Ruby Bridges, the first African-American to attend a white elementary school in the deep South, 1960

On the civil rights road, children also became public figures, such as six-year-old Ruby Bridges, who integrated an all-white elementary school in New Orleans on November 14, 1960. Ruby was born in Abon, in Tylerstown, Mississippi. and Lucille Bridges.

When she was 4 years old, her parents, Ebon and Lucille Bridges, moved to New Orleans, hoping for a better life in a bigger city. Her father got a job as a gas station attendant and her mother took night jobs to help support her growing family.

The fact that Ruby Bridges was born in the same year that the Supreme Court's decision in Brown v. Board of Education separated schools is a notable coincidence in her early foray into civil rights activism.

When Ruby was in kindergarten, she was one of several African-American students in New Orleans who were selected to take a test to determine whether she could attend a white school. It is said that the exam was written particularly difficult so that the students had difficulty in passing.

The idea was that if all African-American children failed the test, New Orleans schools could remain isolated for a period of time.

Ruby lived only five blocks from a white school, but attended kindergarten at a different black school several miles away. Bridges was one of six black children in New Orleans to pass this test.

On the morning of November 14, 1960, federal marshals escorted Ruby and her mother five blocks to her new school. While in the car, one of the men explained that when they got to school, two marshals would walk in front of Ruby, and two would follow her.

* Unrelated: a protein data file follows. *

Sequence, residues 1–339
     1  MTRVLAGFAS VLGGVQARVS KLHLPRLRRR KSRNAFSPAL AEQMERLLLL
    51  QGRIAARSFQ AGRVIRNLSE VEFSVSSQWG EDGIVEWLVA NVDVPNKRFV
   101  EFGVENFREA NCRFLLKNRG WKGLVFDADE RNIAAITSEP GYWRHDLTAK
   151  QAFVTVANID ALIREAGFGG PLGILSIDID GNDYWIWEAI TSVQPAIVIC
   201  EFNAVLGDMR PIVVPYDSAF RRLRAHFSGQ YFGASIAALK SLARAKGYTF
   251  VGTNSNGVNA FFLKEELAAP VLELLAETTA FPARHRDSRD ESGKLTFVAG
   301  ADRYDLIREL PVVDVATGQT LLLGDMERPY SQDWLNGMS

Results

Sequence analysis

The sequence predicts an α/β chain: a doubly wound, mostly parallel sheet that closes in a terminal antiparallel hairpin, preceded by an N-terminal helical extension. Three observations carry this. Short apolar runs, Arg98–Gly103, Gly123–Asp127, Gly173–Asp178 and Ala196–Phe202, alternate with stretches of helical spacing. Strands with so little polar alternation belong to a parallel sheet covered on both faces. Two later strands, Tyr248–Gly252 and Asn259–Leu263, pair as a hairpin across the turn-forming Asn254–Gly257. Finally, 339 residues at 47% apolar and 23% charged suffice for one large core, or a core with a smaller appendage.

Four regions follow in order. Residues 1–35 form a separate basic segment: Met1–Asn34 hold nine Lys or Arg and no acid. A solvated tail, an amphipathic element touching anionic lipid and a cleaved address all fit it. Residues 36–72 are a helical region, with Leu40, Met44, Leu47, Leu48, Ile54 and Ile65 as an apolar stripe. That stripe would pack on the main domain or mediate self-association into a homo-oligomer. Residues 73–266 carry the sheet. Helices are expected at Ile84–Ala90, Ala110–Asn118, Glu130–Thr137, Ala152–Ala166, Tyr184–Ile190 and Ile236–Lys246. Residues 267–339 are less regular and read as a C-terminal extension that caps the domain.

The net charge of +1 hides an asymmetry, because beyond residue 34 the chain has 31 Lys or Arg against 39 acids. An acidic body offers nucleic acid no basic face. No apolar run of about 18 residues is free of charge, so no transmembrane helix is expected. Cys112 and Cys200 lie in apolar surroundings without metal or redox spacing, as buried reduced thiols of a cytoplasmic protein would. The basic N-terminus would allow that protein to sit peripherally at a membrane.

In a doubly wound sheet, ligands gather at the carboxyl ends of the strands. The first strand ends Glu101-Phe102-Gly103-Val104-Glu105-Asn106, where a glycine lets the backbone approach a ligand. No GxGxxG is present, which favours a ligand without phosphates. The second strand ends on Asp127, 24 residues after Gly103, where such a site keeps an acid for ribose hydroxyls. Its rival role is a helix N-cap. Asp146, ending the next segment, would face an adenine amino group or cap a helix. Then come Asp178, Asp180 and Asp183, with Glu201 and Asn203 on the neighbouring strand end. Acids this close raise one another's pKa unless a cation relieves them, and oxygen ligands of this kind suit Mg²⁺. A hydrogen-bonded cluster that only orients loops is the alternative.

The image of this little black girl being taken to school by four older white men inspired Norman Rockwell to create the painting "The Problem We All Must Live With", which graced the cover of Look magazine in 1964.

White parents dragged their own children out as soon as Bridges entered school; All the teachers refused to teach when a black child was enrolled. The only person who agreed to teach Ruby was Barbara Henry from Boston, Massachusetts, and for over a year Henry taught her alone, "as if she were teaching the whole class".

On that first day, Bridges and her adult companions spent the entire day in the principal's office; School chaos prevented him from attending class until the second day.

The other day, however, a white student broke the boycott and entered the school, when a 34-year-old Methodist minister, Lloyd Anderson Foreman, led his 5-year-old daughter Pam through an angry crowd, saying, "I'm just my Wishing you the good fortune of taking the child to school…”

A few days later, other white parents began to bring their children and the protests began to subside. Every morning, as Bridges went to school, a woman threatened to poison him; Because of this, the US marshal sent by President Eisenhower, who was overseeing her security, allowed Ruby to eat only what she brought from home.

The Bridges family suffered for their decision to send her to William Frantz Elementary: her father lost his job, the grocery store the family shopped at would no longer let them shop there, and his grandparents , who was a sharecropper in Mississippi, was laid off. land. She noted that many others in the community, both black and white, showed support in various ways.

Some white families continued to send their children to Frantz despite protests, a neighbor offered his father a new job, and locals looked after the children, viewed the home as a protector, and federalized on school trips. behind Marshall's car.

Ruby graduated from a different high school, became a travel agent, married, and had four sons. She reunited with her first teacher, Henry, in the mid-1990s, and the pair chatted together for some time.

Ruby later wrote about her early experiences in two books, and Carter G. Woodson Book Award. A lifelong activist for racial equality, Ruby founded the Ruby Bridges Foundation in 1999 to promote tolerance and drive change through education. In 2000, he was transferred to Washington, D.C. was made an honorary deputy marshal in a ceremony in

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